Book Reviews

An Important Contribution to the History of Trotskyism in Bolivia: The Revolutionary Workers Party – Masas (POR-Masas) and the Revolutionary Tendency of the Armed Forces – Vivo Rojo A Review of ¡Abrir los cuarteles! Una historia de la Tendencia Revolucion

By Daniel Gaido

book cover bolivia


Matías J. Rubio, a historian from the National University of Luján, Argentina, as well as a Trotskyist militant, has recently published a book entitled ¡Abrir los cuarteles! Una historia de la Tendencia Revolucionaria de las Fuerzas Armadas – Vivo Rojo (Bolivia – 1980–2001).[1] This work analyses the history of the Revolutionary Tendency of the Armed Forces of Bolivia, linked to the Partido Obrero Revolucionario – Masas (POR-Masas), a Trotskyist organisation led by Guillermo Lora that edited, between 1980 and 2001, a clandestine bulletin entitledVivo Rojo with the aim of creating an organisation of officers and soldiers with revolutionary tendencies within the Bolivian army.

Rubio’s book is divided into three parts. The first part is a review of the history of Bolivia in the twentieth century based on classic works such as those of Dunkerley[2] and Klein,[3] while also incorporating new contributions such as those of Field[4] and Hernández and Salcito.[5] The second part is a review of the history of the POR-Masas between 1963 and 1991, including an analysis of its programme, its strategy, and its policy towards the Bolivian Armed Forces. This part is based on classic militant works such as the histories of the 1952 revolution written by Justo[6] and Lora,[7] as well as on Lora’s enormous literary production and on more recent academic works, in particular the history of Bolivian Trotskyism written by Steven Sándor John, a historian belonging to one of the splits of the Spartacist League called the Internationalist Group.[8] The third and last part of the book analyses the experience of the Revolutionary Tendency of the Armed Forces led by the POR-Masas from 1980 until the publication of the final issue of Vivo Rojo in December 2001.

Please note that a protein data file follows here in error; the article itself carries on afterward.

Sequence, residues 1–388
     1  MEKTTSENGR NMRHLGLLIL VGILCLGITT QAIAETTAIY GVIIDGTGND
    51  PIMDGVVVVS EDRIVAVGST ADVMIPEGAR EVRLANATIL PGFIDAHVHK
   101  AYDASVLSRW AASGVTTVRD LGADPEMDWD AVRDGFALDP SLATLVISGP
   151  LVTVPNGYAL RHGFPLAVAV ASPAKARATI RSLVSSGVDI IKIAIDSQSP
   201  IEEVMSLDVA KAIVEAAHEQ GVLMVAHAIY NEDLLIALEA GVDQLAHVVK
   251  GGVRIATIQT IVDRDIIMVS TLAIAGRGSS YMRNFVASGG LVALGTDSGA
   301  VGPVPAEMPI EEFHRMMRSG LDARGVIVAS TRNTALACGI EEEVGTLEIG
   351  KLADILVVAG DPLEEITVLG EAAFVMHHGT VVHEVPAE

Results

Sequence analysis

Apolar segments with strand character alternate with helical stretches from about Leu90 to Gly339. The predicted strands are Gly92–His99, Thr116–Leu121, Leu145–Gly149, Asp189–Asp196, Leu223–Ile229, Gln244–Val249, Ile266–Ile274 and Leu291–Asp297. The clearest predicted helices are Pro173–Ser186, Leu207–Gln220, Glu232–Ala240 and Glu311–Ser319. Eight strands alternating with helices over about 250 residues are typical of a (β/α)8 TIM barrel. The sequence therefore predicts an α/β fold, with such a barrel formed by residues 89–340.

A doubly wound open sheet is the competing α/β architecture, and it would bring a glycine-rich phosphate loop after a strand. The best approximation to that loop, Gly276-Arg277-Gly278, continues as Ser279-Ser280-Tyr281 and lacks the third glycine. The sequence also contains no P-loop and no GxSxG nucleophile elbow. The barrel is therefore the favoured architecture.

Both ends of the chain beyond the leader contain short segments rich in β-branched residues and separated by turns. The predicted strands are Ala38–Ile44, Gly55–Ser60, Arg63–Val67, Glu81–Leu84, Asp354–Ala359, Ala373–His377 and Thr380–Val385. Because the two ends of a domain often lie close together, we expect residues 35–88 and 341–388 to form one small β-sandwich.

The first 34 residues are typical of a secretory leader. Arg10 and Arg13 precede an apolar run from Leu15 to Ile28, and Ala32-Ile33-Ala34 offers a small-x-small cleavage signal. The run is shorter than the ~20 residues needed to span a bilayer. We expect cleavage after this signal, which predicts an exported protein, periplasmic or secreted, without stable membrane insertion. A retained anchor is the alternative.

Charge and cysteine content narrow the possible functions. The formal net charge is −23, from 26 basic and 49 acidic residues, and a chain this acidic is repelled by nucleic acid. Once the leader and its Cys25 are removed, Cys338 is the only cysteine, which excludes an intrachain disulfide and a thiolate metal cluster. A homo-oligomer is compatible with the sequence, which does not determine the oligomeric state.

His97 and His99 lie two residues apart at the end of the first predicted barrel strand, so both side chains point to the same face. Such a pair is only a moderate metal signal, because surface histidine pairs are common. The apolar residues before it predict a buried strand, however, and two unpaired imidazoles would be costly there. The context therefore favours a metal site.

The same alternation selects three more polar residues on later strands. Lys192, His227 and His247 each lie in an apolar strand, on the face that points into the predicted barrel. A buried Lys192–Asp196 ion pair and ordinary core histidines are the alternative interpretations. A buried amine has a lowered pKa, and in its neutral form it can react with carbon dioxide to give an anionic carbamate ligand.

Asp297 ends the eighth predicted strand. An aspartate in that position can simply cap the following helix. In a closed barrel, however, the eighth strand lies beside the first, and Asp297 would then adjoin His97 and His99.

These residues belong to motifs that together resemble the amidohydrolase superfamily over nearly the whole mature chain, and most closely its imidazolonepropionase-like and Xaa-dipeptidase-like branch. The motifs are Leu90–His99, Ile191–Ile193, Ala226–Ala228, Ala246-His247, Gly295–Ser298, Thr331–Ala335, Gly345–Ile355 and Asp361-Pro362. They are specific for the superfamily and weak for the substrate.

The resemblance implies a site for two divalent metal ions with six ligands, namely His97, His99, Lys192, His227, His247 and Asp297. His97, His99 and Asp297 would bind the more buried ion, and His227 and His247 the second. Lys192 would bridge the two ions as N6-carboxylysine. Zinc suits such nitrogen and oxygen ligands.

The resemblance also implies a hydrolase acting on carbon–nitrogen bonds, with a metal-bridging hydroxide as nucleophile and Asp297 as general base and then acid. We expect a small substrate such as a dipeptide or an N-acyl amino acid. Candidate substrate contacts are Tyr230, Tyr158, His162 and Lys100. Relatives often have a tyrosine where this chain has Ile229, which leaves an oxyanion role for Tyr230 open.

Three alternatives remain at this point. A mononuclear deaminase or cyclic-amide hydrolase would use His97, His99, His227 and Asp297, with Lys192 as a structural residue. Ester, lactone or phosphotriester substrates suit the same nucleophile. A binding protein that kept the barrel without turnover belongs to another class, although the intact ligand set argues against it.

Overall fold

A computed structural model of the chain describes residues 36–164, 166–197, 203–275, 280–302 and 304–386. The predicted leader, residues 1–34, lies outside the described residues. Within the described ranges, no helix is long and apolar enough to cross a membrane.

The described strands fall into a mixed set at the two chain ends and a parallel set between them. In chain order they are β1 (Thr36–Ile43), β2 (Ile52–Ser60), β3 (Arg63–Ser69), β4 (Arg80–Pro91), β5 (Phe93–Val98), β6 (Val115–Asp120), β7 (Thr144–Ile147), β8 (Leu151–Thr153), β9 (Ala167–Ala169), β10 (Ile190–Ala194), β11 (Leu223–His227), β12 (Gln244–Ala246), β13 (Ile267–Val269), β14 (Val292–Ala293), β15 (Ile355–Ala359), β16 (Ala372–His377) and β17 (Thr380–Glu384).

The Creation of the Partido Obrero Revolucionario (POR), the Bolivian Revolution of 1952, and the POR Split

Rubio begins by pointing out that the Bolivian POR emerged ‘in 1935, as a result of the confluence of two trends opposed to the Chaco War’.[9] The five issues of the founding magazine of Bolivian Trotskyism, entitled América Libre and published by Bolivian exiles in the city of Córdoba, Argentina, have been scanned and are available online at the Cedinci digital library.[10] Rubio also mentions the weakness of the POR a decade later, specifying that ‘by 1945 it had only seventeen militants in the strict sense of the term throughout the country’.[11]

The Pulacayo Theses adopted on 8 November 1946, by the congress of the Union Federation of Bolivian Mine Workers (Federación Sindical de Trabajadores Mineros de Bolivia, FSTMB), which had approximately 60,000 members, were drafted by the young Trotskyist militant Guillermo Lora. Together with a series of immediate and transitional demands, they laid out a political perspective of permanent revolution for the Bolivian proletariat, arguing that the bourgeois-democratic revolution could only succeed on condition that it became the first phase of a proletarian revolution culminating in a workers’ government.[12]